Although roulette odds and payouts will always remain the same according to the rules of the variant you’re playing, the game has attracted several betting strategies over the years. Following these systems is in no way a guarantee of winning, but can provide some helpful guidance on how to structure wagers and approach the wheel at real money gambling sites. We’ve briefly explained the most famous betting strategies below.
The Martingale system is designed to eventually recoup all lost bets from one win. It can only be applied to roulette players making even money bets, since there’s a high chance that the bet will come good at some point.
Players following Martingale will double their bets after each loss, meaning that a win will recover the amount of all previous losses. Although the logic appears sound, this strategy can run into trouble in two ways: first, there’s only a certainty of winning if players have infinite wealth; second, if there are betting limits at the table, players may hit the bet limit cap before they’ve recovered their losses. Players following the Martingale system would therefore be better off finding a high stakes roulette game.
The Labouchère system begins with players writing down a sequence of numbers, such as one, two, and three. Each bet that’s placed should be equal to the sum of the first and last numbers in the sequence, so in the example given here, this would be £4 (1 + 3). If the wager is successful, players remove the numbers from the sequence; if the wager is lost, players add the staked amount to the end of the sequence. If players are ever left with just one number in their sequence, they simply bet that amount.
The idea here is that Labouchère disciples can make a profit by winning fewer bets than they lose at gambling sites. Like Martingale, this system only works on even money propositions, and players’ bankrolls will suffer badly if they fall into a losing streak.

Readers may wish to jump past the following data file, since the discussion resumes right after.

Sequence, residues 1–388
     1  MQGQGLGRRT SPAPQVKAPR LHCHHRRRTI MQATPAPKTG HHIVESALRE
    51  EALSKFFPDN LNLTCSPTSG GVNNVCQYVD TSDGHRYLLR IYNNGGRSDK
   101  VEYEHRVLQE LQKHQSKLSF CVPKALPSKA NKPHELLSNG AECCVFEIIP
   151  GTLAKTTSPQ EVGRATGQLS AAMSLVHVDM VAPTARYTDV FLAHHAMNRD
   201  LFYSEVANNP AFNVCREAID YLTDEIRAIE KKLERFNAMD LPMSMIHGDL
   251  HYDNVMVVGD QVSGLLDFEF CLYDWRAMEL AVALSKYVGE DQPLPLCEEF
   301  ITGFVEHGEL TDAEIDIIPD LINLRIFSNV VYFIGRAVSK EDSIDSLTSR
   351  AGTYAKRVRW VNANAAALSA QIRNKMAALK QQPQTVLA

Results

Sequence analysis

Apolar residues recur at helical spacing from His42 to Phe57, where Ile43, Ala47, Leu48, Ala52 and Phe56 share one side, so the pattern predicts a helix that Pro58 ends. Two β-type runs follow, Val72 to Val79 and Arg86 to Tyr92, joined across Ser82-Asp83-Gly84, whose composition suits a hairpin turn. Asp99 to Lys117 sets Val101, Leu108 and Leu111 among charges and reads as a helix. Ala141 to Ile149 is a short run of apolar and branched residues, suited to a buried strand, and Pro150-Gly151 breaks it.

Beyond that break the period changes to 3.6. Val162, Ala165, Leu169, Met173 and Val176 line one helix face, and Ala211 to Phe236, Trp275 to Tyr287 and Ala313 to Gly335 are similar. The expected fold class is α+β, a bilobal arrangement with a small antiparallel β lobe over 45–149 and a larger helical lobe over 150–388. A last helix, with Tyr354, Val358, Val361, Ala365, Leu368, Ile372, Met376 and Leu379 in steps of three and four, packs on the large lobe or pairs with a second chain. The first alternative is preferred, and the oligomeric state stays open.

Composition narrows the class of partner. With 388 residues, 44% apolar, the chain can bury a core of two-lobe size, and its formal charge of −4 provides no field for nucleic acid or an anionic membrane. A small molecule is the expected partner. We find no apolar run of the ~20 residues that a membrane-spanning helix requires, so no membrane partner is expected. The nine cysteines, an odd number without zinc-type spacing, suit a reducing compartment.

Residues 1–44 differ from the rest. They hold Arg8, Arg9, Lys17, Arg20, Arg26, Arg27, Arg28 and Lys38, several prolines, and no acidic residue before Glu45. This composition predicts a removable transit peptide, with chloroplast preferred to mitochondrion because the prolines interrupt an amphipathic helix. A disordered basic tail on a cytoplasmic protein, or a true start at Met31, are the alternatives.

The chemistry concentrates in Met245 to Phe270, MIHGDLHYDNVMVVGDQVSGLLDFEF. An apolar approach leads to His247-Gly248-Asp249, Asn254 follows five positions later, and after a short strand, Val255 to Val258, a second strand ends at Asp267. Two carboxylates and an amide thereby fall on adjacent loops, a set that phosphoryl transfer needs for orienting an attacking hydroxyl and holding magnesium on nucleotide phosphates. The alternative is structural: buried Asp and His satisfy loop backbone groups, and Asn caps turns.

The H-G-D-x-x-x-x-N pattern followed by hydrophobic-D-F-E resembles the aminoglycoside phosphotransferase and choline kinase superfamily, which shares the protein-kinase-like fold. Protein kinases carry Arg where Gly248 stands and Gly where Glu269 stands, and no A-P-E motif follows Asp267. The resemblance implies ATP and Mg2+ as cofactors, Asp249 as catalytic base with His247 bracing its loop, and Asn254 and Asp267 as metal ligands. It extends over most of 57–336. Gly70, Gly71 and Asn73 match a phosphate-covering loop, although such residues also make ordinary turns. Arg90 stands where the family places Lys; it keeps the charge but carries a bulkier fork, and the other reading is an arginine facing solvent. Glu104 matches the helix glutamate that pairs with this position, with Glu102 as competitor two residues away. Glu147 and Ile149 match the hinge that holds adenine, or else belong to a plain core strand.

Rather than increasing bets after each loss – as is the case with Martingale – the D’Alembert system does the opposite. Let’s say you agreed on a base unit stake of £1: if that bet lost, you’d increase the next bet by one unit, so £2; if that bet loses, it rises to £3, and so on. By contrast, any winning bets decrease the unit, so a win at £3 would lead to a wager at £2 on the next spin of the wheel.
The theory behind D’Alembert’s system is that it gives players greater control over the influence of streaks in the short-term. With the Martingale system, things can spiral out of control quickly following a losing streak when the stakes are raised, but D’Alembert better mitigates against this risk by only increasing the bet amount by one unit following a loss. Again, this system only applies to even money wagers.
The Fibonacci sequence is a set of numbers that regularly appears throughout nature. Naturally, it’s been appropriated to form a roulette betting strategy, which players can take to their online casino. The Fibonacci sequence begins with zero and one, and continually adds the two adjacent numbers together to reach the sum of the next number, as follows:
0 1 1 2 3 5 8 13 21 34 55 89 144 and so on
At the roulette wheel, these numbers are substituted for betting units. Players don’t have to start at one, so long as they follow the correct sequence from wherever they begin. Fibonacci players increase their wager when they lose – which means moving forward along the sequence – and move back two steps when they win.
Fibonacci is another system only to be used on even money bets. It’s known for being a conservative betting strategy but, as ever, this always comes down to the luck of the spin.